Better safe than sorry was the message behind ‘Meet the hackers’, our workshop on ethical hacking. In the cosy setting of the Mariaburg barn, we got together with Toreon and intigriti to confront those present with the fact that no infrastructure or application is invincible. Of course, we did make sure that everybody finds out how to protect their systems as well as possible.
No data privacy without data security
David Geens, our managing partner, kicked off by stating that there are two types of companies: those who’ve suffered a data breach, and those who don’t yet know that they’ve suffered a data breach. Those in the first group know the problems that a breach can cause, while those unaware of the scale of such a problem had the facts waved in front of them: data security is essential.
Since the consequences after the GDPR came into force are now even greater, David insisted on the importance of security by design. Although security should be at the core of the product, it is too often seen as a side issue, so taking it into account from day one is key.
David’s presentation at Meet The Hackers:
Pentest versus vulnerability scan
Then it was the turn of Toreon’s Sebastien Deleersnyder to explain why penetration testing is necessary for every company. It is more difficult to monitor a system than to breach it, so Toreon reverses the roles. They find the vulnerabilities in your system by conducting penetration tests, after which solutions can be sought.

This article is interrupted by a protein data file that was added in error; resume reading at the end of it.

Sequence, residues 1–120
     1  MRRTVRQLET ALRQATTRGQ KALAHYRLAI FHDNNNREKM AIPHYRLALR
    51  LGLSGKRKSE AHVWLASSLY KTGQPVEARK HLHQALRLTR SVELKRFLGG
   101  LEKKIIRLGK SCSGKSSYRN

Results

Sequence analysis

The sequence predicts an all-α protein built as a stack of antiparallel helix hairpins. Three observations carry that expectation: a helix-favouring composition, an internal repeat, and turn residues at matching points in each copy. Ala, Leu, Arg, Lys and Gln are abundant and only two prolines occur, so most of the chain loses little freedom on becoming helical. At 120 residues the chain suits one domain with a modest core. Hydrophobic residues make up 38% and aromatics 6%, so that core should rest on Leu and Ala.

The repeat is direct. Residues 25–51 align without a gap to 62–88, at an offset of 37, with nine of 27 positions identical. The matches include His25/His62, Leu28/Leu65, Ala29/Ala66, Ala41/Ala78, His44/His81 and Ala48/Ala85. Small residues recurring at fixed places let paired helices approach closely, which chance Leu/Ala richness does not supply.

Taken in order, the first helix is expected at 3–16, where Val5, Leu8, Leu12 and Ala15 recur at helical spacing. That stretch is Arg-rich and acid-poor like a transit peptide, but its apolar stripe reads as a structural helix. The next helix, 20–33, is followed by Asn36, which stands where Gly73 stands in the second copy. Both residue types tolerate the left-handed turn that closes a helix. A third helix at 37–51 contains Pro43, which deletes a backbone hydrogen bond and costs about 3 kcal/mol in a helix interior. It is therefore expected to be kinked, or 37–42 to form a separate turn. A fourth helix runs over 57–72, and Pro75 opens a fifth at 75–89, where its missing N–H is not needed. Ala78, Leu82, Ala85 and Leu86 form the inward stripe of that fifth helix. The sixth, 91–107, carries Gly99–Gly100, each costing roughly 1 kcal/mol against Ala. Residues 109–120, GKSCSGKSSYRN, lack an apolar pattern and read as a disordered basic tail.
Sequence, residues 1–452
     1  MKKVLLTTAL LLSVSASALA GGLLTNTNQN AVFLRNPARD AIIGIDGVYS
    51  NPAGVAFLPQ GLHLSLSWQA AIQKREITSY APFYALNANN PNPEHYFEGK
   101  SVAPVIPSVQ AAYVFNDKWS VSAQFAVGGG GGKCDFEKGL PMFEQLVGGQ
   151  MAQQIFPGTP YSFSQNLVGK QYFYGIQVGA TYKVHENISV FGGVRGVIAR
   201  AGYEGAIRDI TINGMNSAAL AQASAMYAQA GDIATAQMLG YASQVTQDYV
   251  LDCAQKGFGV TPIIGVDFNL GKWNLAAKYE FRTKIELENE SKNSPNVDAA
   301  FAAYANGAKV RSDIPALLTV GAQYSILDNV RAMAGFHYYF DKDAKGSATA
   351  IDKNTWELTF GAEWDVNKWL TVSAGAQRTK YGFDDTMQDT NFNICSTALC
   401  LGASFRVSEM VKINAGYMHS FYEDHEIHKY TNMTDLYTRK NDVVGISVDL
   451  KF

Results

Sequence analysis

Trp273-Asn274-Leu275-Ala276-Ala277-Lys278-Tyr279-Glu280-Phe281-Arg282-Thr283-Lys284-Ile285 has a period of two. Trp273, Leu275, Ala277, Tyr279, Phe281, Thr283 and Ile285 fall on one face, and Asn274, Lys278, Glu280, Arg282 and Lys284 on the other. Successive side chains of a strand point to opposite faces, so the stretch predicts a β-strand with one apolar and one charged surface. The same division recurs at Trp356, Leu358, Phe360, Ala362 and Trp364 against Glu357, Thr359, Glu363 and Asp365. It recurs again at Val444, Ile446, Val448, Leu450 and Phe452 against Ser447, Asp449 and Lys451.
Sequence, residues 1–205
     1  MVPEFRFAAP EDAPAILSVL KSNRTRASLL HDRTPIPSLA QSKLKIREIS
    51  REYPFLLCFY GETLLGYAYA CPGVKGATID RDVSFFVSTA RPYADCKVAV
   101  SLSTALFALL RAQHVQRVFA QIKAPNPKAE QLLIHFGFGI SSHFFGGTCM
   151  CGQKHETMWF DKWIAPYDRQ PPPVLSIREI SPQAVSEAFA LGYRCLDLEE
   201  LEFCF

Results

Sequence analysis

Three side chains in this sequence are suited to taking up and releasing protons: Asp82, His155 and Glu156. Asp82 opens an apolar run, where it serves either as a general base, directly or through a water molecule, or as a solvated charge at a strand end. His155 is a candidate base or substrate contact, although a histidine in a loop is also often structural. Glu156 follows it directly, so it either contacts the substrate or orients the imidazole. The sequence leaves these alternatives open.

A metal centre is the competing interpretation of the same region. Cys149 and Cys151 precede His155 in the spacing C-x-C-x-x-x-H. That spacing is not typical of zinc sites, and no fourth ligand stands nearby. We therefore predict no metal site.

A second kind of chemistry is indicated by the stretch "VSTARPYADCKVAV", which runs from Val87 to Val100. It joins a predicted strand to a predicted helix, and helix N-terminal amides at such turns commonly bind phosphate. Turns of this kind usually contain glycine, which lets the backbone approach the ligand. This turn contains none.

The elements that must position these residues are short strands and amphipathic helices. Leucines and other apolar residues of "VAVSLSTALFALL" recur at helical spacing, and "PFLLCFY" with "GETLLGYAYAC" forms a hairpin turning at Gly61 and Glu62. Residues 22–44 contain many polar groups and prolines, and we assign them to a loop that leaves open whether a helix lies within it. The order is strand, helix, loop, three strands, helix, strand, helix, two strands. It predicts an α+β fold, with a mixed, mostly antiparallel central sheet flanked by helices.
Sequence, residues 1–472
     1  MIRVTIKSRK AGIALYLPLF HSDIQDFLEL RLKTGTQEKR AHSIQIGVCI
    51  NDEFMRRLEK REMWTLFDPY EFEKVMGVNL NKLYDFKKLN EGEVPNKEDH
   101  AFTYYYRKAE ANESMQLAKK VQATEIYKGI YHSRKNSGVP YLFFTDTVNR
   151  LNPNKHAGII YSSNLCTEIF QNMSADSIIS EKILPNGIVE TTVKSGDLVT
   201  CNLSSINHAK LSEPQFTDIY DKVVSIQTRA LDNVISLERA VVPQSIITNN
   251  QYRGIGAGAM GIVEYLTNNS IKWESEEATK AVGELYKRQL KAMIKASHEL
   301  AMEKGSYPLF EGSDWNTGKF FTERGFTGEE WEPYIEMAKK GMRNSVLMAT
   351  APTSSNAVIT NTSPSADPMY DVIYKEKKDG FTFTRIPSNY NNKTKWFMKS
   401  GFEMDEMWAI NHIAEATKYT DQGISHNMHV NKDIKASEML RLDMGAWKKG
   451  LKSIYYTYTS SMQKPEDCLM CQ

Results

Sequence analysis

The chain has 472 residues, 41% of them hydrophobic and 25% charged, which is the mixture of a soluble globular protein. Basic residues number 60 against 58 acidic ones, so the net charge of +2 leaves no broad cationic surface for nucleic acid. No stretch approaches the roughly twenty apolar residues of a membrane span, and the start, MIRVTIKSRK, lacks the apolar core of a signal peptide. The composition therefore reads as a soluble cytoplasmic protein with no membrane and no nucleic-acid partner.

However, testing a system is not limited to the period before commissioning. Regular tests are mandatory in some sectors, such as companies dealing with credit card data. Penetration tests can also be useful when making a business case, because clear evidence that a hacker can penetrate is certainly more convincing for management than a mere suspicion.
Sebastien’s presentation at Meet The Hackers:
Bug bounty: no cure, no pay?
Bug bounty programs and platforms are particularly popular in the United States, but are also gaining ground in Europe. It’s a great way of constantly testing your infrastructure and applications. Stijn Jans from Intigriti emphasised the importance of looking for errors in a system during every update. Bug bounty platforms are the perfect solution: if an error is found, you pay, whereas in the unlikely event nothing is found, you get off lightly.
Stijn Jans founded Intigriti, a commercial bug bounty platform based on American HackerOne, about a year ago. Companies can offer projects in which hackers search for errors, and the hacker gets a reward depending on the company and how critical any error found is.
Stijn’s presentation at Meet The Hackers:
Three speakers with three different views on data security, but all offering a perspective that is indispensable for maximising the security of your system. You first make sure your system is as secure as possible, then carry out penetration tests and expose it to bug bounty. Together, these significantly reduces the chance of a data breach. The return on such an investment is potentially high, bearing in mind the recent GDPR legislation.